Thursday, 15 November 2012

Burger Buns

Image from Smitten Kitchen

I know, I know, but sometimes making things yourself is just necessary. Pre Tin Can, I had room in the freezer for all those left over buns, now they just go bad. A pack of 8 might work for a family of 4 carnivores but our little pack of two, just can't eat that many burgers. Sure we could use them for sandwiches or something, but come on, you know those buns just aren't right for that kind of thing.

This recipe comes from Smitten Kitchen who got it from the New York Times  who got it from Comme Ça restaurant in Los Angeles. With that long a pass it on list you know these buns will be good and indeed they are. Not only that, they're a cinch to make. The best thing about these buns is that they are light yet rich with that wonderful taste and texture you get from making an egg bread. I would eat these for breakfast with a thick layer of good English marmalade or dipped in a bowl of creamy tomato soup. They work well no matter how you use them, but your burger will shine between these golden buns!


Light Brioche Burger Buns Adapted from Smitten Kitchen

Makes 8 4 to 5-inch burger buns

3 tablespoons warm milk
2 teaspoons active dry yeast
2 1/2 tablespoons sugar
2 large eggs
3 cups bread flour
1/3 cup all-purpose flour
1 1/2 teaspoons salt
2 1/2 tablespoons unsalted butter, softened
Sesame seeds (optional)

1. In a glass measuring cup, combine one cup warm water, the milk, yeast and sugar. Let stand until foamy, about five minutes. Meanwhile, beat one egg.

2. In a large bowl, whisk flours with salt. Add butter and rub into flour between your fingers, making crumbs. Using a dough scraper, stir in yeast mixture and beaten egg until a dough forms. Scrape dough onto clean, well-floured counter and knead, scooping dough up, slapping it on counter and turning it, until smooth and elastic, 8 to 10 minutes. The dough will be on the sticky side so it can be a bit messy, but keep in mind that the more flour you knead in, the tougher the buns will get. Try to leave them tackier than you would a round loaf.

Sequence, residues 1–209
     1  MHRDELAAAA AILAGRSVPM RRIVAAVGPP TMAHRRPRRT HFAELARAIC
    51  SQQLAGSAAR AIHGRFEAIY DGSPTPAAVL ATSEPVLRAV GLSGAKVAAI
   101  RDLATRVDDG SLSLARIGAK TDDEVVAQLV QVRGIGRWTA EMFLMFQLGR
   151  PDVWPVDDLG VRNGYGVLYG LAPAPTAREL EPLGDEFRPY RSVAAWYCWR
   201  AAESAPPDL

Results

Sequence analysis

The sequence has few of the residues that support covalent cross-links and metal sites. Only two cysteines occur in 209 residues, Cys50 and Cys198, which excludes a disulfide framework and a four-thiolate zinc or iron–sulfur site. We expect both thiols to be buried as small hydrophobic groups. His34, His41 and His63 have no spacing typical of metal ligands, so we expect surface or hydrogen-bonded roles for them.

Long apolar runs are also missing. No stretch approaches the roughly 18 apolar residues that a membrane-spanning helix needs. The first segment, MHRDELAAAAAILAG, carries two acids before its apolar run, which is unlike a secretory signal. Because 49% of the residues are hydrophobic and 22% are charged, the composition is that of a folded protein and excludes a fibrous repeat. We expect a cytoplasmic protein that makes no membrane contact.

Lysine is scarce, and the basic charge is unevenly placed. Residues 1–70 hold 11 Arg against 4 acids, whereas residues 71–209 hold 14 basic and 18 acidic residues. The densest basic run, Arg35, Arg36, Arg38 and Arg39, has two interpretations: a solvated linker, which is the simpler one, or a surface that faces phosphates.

3. Shape dough into a ball and return it to bowl. Cover bowl with plastic wrap and let rise in a warm place until doubled in bulk, one to two hours. (In my freaky, warm apartment this only took an hour.)

4. Line a baking sheet with parchment paper. Using dough scraper, divide dough into 8 equal parts. Gently roll each into a ball and arrange two to three inches apart on baking sheet. Cover loosely with a piece of plastic wrap lightly coated in nonstick spray and let buns rise in a warm place for one to two hours. (Again, this only took one hour in my apartment and I suspect, you’ll also only need an hour for a second rise.)

5. Set a large shallow pan of water on oven floor. Preheat oven to 400 degrees with rack in center. Beat remaining egg with one tablespoon water and brush some on top of buns. Sprinkle with sesame seeds, if using. Bake, turning sheet halfway through baking, until tops are golden brown, about 15 minutes. Transfer to a rack to cool completely.

I'm pretty sure it's the pan of water on the oven floor that makes these buns so light so don't forget that step. I've also used this basic recipe to make a loaf of bread too, adding a few seeds and swapping in some whole grain flour. These buns are so much better than anything you'll find at the store, I promise.

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